We’ve swam, we’ve lifted and now we’re waving goodbye. Once again, half the team starts walking north towards McConnell Center and the rest head to Frary Dining Hall. Dinner is where we unwind, develop elaborate inside jokes and get to know each other as people rather than athletes. But now this is happening on two separate tracks within the team: the Pomona College students are building one sense of team, and Pitzer College students another.
Athletic teams are far from the only ones impacted by closed cross-campus dining. Shared meals have always been a staple of 5C community building in every kind of organization and discipline. While it has been stated that cross-campus dining will not be restarted this semester, administrators should be thinking creatively and pragmatically about dining rather than exhibiting the unwavering rigidity that has become synonymous with COVID-19 policies.
Cross-campus dining is an essential element of 5C-wide community building and there are safe ways to go about it. A month into the fall semester, it is high time we considered implementing them — at the very least by next semester.
So far, the 5Cs have been relatively successful in controlling the spread of COVID-19, as cases have remained low, and the test positivity rate across all five colleges is 0.03 percent as of Oct. 3. While six student cases at Pomona were reported Thursday, this does not mean that a return to cross-campus dining no longer merits consideration.
Students have already been taking classes together across all five campuses, with masking requirements or outdoor classrooms. Everyone has already been exposed to those from other campuses with COVID-19 guidelines in place — we should approach dining the same way.
Utilizing existing masking protocols and outdoor spaces is an obvious solution. Students from other campuses could swipe into dining halls and get food while masked, but be required to sit and eat outside. Dining halls have already implemented the infrastructure for outdoor dining and students are already required to wear masks inside when not eating. This solution would minimize exposure and maximize the ability for 5C students to interact safely. It is not the same as opening dining as a free-for-all without keeping COVID-19 in mind, but it is also a break from the rigid policies currently in place. Flexibility is required on both ends, but solutions are possible.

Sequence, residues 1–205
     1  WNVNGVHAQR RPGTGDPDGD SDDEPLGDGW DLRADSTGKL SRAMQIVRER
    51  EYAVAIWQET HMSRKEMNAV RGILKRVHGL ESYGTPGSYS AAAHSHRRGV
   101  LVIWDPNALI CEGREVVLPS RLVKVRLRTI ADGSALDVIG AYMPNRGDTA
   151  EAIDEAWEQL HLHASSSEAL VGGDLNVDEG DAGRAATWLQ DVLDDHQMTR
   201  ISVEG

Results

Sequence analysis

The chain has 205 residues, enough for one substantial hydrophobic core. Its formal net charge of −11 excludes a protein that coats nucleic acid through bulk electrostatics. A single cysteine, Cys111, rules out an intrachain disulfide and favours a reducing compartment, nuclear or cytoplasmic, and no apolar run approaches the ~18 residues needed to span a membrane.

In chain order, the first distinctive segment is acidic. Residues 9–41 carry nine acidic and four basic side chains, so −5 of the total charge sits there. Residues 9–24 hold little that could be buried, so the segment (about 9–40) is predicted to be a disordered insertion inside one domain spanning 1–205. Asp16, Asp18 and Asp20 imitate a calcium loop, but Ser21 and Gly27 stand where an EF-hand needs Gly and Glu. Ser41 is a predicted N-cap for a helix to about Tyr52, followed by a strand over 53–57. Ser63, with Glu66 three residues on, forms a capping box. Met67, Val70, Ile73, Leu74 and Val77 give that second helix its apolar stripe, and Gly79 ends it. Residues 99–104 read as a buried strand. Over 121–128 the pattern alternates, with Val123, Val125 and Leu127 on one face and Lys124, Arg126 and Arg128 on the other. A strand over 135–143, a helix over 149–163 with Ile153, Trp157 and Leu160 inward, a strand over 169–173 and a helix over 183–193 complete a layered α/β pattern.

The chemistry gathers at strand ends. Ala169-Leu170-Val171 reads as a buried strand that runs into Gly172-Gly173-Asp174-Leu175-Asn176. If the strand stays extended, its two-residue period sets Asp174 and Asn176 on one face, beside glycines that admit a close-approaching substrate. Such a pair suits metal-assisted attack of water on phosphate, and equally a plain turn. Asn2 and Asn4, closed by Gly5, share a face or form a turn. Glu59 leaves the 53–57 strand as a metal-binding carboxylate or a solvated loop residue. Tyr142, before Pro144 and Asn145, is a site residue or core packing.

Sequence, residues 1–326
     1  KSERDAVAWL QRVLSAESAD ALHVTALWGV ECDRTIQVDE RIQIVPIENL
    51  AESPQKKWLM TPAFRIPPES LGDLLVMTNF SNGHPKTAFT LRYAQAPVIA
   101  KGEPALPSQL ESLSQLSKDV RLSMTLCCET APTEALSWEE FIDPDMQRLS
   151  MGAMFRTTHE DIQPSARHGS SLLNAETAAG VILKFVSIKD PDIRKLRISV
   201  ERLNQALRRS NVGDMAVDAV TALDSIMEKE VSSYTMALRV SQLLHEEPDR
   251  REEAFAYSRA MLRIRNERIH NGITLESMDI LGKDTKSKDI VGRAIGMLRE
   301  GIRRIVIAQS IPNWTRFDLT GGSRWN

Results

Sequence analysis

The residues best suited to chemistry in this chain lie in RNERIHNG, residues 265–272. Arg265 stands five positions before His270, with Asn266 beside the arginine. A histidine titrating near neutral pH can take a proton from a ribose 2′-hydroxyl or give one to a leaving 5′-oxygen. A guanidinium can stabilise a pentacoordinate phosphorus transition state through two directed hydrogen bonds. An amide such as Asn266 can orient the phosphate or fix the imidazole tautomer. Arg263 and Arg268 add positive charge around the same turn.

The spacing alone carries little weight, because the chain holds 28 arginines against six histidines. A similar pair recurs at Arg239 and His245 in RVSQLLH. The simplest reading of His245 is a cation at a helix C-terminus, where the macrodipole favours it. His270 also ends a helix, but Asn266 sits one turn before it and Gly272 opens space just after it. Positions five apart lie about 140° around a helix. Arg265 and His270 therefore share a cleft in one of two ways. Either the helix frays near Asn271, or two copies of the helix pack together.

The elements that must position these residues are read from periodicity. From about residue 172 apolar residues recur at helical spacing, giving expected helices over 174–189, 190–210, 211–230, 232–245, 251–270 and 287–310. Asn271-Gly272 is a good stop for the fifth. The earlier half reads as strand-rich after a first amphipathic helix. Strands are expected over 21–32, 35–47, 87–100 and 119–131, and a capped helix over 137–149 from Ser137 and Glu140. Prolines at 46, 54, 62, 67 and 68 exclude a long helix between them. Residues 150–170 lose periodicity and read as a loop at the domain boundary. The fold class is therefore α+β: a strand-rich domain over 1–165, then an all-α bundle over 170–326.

Of course, there will be some logistical hurdles to implementing a more complex open cross-campus dining policy than the current closed one. However, the need to clear these hurdles is imminent if we hope to foster cross-campus relationships. Shared meals are a critical way for 5C-wide organizations, sports teams, classes and simply friends to come together, get to know each other and build community. With dining together limited to students of the same campus, students at each school are isolated and feel insulated from the rest of the 5Cs. This is especially a problem for first- and second-years who may not have had a chance to form cross-campus connections yet, as well as for cross-campus clubs or athletic teams who previously relied on shared meals as meeting places or means of building camaraderie.
Closed cross-campus dining has rendered the kind of community building that shared meals facilitate nearly impossible. Greenboxing and meeting up is not a viable alternative to getting food from the same dining hall and meeting outside. With geographic separation and different hours it is a logistical nightmare to do so in most situations. In the case of Pomona-Pitzer sports teams, it would be incredibly unfair to ask Pitzer students to walk up to their dining hall after practice, greenbox, walk back down to eat with the team and then walk back up to their dorm rooms, or vice versa for Pomona students. It would be infinitely easier if everyone could get food from a single dining hall and eat outside together.
Isolation is a feeling that characterized a year of remote learning, and being on campus allows us to reignite that sense of community that is unique to in-person liberal arts education. The college administrations understand how important dining is to facilitate community building, as that reasoning was cited as the primary motivation for Pomona requiring students living on campus to have the unlimited meal plan.
This principle ought to apply to inter- as well as intra-school connection building. COVID-19 safety and community connection don’t have to be mutually exclusive priorities in 5C dining. If administrators from all schools collaborate to implement creative solutions, we can all have our Frary Texas sheet cake and eat it too.
Madison Lewis PO ’24 is from Palo Alto, California. She is a varsity athlete on the Pomona-Pitzer women’s water polo team, and a wistful 5C menu app user.